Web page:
In his latest collection of essays, sermons, and addresses, Frederick Buechner writes: "Pay Attention. As a summation of all that I have had to say as a writer, I would settle for that. And as a talisman or motto for the journey in search of a homeland, which is what faith is, I would settle for that too." The book is titled The Clown in the Belfry.

According to Buechner, paying attention enables us to perceive "the doors that holiness enters through." These doors can be the literature of Flannery O'Connor, a serious film such as Gandhi, the feelings of loss at the death of a friend, or the struggles of growing up. God is speaking to us in our experiences, Buechner contends, and it's up to us to stay alert.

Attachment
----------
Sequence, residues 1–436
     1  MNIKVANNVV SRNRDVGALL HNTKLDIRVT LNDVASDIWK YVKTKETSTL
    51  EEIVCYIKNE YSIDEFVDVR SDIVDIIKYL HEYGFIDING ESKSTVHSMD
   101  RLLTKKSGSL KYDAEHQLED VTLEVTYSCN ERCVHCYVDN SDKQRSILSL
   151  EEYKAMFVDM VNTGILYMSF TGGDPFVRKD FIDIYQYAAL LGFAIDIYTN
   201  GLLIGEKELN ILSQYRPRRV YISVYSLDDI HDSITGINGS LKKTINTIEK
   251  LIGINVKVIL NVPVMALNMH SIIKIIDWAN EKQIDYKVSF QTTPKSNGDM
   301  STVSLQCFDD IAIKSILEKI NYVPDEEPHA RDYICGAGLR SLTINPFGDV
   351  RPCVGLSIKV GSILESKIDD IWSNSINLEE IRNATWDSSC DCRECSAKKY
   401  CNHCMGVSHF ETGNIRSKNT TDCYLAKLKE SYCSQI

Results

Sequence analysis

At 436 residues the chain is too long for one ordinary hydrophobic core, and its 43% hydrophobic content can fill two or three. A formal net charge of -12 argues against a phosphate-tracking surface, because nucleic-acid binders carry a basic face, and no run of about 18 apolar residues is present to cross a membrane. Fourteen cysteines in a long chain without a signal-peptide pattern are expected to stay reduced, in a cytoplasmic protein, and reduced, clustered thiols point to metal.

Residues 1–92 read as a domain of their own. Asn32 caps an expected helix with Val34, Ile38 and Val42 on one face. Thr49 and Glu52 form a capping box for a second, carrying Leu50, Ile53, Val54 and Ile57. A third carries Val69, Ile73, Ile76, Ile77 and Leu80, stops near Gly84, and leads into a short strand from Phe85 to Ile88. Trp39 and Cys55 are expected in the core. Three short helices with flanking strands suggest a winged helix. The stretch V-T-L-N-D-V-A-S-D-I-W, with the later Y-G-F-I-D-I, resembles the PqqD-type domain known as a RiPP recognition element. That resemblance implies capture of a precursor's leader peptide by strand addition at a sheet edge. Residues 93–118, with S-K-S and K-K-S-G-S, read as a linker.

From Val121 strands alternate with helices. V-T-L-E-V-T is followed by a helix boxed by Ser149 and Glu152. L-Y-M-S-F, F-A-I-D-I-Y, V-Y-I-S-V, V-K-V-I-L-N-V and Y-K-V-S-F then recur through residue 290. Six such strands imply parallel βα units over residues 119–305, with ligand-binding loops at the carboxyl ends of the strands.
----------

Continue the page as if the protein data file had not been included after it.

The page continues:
In a piece called "Adolescence and the Stewardship of Pain. Buechner muses on the parable of the talents in the Gospel of St. Matthew. He talks about the challenge of being good stewards of pain — making the most out of the anguish and suffering that comes our way. This makes sense given the author's characterization of the scriptures as "a Dostoyesvskian world of darkness and light commingled, where suffering is sometimes redemptive and sometimes turns the heart to stone." We can't control our destiny but we can transmute what happens to us into a rewarding life lesson.

The Clown in the Belfry is an edifying and illuminating read. Turn your contemplation of it into a spiritual exercise, and you are bound to be surprised by joy.